I am all about push-in/collaborative services in the schools, so this course immediately caught my eye. It discusses the necessary shift from what we knew when special ed law was written, i.e. the medical model, and how to change and update with best practice. This is a change that I’ve seen many therapists struggle with, and I still have my own challenges, so it was nice to get some affirmation to keep pushing our practice in this direction. The course also goes over remediation vs compensation, how to know when OT is required, and shifting to starting with participation vs a fine motor lens. It talks about what the least restrictive environment actually means for OT services and how we should be considering it with each recommendation we make. One point during this section that I thought was especially salient is examining if you have your own biases about if pull-out, direct, weekly OT services are “best” and if that is coloring your interactions with your teams. Plus, it discusses the importance of intervention plan in the school system, which is definitely one of my own personal soapboxes.
Service Delivery Models in the School: A Case Study Application
This is another course that goes over service delivery. It’s similar to the last course, but goes a little bit deeper with practical applications via case studies. I appreciated the reiteration on how we can all move towards best practices in service delivery, which usually means thinking about more contextual and collaborative services. This course also discusses the importance of collaborative goals instead of discipline-specific ones and gives more info about the components of a school-based OT intervention plan, including a sample template. It also includes info on intervention approaches and practical advice on how to actually get started with OT services. I appreciated the “real-life” case studies with students at different grade levels from preschool to high school. Lastly, there is a good reminder in this course about being collaborative – that it means learning from others as much as they are learning from you, which is so key in actually helping students.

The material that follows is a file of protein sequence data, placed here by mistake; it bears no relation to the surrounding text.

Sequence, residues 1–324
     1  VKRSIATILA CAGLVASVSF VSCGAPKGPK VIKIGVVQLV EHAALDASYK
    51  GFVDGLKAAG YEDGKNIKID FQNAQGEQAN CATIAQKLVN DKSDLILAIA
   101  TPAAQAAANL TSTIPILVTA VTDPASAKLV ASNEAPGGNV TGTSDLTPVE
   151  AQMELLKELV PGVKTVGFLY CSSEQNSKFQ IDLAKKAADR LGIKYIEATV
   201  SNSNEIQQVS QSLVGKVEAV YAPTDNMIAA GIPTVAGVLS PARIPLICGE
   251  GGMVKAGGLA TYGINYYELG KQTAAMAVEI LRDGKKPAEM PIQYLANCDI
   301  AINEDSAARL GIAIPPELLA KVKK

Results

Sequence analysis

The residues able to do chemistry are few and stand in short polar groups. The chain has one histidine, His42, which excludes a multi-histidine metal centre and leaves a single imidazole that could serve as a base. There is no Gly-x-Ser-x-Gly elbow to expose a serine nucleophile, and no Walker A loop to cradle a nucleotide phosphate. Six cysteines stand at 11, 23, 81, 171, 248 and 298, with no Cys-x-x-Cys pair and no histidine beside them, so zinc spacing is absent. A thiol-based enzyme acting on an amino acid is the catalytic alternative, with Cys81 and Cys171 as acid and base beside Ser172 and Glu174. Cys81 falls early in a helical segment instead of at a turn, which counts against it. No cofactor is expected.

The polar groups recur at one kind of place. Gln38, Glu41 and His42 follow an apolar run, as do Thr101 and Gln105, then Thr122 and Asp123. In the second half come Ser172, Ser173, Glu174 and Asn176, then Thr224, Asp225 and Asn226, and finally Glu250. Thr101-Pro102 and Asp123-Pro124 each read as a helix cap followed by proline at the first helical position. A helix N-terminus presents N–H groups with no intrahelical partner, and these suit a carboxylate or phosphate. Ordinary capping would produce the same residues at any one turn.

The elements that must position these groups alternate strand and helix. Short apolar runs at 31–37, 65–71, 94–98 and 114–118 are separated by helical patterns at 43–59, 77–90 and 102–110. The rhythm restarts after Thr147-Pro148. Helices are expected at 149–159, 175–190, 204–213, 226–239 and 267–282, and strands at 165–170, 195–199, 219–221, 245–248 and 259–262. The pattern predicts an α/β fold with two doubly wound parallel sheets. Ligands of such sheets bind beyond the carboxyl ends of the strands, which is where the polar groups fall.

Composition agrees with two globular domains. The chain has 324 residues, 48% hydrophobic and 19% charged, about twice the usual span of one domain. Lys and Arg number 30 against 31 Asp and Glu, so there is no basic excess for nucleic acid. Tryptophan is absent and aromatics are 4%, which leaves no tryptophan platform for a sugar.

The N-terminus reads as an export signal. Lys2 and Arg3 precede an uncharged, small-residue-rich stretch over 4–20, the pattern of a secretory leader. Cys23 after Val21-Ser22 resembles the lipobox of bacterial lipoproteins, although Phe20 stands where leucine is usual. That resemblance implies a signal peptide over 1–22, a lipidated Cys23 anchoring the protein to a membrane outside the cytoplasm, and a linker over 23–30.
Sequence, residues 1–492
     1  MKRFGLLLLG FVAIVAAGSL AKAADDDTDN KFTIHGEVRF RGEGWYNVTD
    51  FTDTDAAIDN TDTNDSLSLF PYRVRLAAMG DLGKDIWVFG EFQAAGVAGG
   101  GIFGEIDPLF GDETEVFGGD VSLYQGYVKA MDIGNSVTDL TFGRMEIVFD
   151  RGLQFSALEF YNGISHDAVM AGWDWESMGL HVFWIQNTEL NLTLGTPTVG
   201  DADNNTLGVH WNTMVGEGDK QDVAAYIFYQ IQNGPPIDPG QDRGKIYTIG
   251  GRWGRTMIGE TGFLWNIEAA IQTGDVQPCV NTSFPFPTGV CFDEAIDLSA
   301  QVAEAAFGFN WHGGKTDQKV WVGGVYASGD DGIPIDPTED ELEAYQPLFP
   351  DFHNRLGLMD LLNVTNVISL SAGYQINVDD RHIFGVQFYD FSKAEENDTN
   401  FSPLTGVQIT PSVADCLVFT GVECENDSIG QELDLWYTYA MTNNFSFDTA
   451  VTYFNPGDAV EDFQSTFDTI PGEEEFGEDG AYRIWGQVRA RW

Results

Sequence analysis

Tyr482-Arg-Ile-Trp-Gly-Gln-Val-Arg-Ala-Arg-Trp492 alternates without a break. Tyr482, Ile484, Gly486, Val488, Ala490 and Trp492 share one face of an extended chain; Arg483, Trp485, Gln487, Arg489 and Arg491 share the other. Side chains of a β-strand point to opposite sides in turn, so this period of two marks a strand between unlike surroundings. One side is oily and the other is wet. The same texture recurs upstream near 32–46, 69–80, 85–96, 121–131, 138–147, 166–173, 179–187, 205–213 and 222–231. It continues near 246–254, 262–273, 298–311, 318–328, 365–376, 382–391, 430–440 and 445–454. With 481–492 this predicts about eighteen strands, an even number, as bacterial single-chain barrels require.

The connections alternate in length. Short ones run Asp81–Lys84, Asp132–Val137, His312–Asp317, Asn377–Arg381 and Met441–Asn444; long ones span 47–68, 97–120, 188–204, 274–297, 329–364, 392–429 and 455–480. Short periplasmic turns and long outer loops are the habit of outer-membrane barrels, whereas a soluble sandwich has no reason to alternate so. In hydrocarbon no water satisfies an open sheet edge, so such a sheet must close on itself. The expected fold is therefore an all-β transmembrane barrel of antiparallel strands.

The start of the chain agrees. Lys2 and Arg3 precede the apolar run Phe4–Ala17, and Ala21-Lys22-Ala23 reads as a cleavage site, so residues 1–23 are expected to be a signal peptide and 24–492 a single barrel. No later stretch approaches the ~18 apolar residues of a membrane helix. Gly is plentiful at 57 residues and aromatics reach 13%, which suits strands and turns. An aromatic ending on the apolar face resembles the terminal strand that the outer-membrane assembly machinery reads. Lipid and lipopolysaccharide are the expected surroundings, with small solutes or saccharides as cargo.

Assistive Technology Overview
My last recommendation is for another topic that’s dear to my heart: assistive technology. While this course is not specific to the school setting, it does a good job of giving a broad overview of this area. If you’re not sure where to start with AT, this is a good intro. It discusses why AT is important, talks about different examples of AT from low tech to high tech, and how it relates to occupational therapy. Like many of my course recommendations, it includes practical considerations for making decisions around AT, including pragmatic advice for funding. I strongly believe that every school-based OT should know at least a little about AT, so this is a great way to get started.
I hope these recommendations were helpful! I know one of my fears of signing up for a CEU course is that it won’t actually be relevant or useful for my specific role as a school-based OT, so I hope this blog offered a more transparent look inside the platform! If you’re ready to give MedBridge a shot, you can sign up here with the promo code BREITHART to save up to 40% off a yearly membership. If you have any questions, don’t hesitate to reach out!
And if you’re looking for even more school-based OT continuing education opportunities, I’d love to have you join my course, The Dynamic School OT! If you have any questions, feel free to reach out to me at email@example.com.
Did I miss one of your favorite courses? Come discuss in my Facebook group!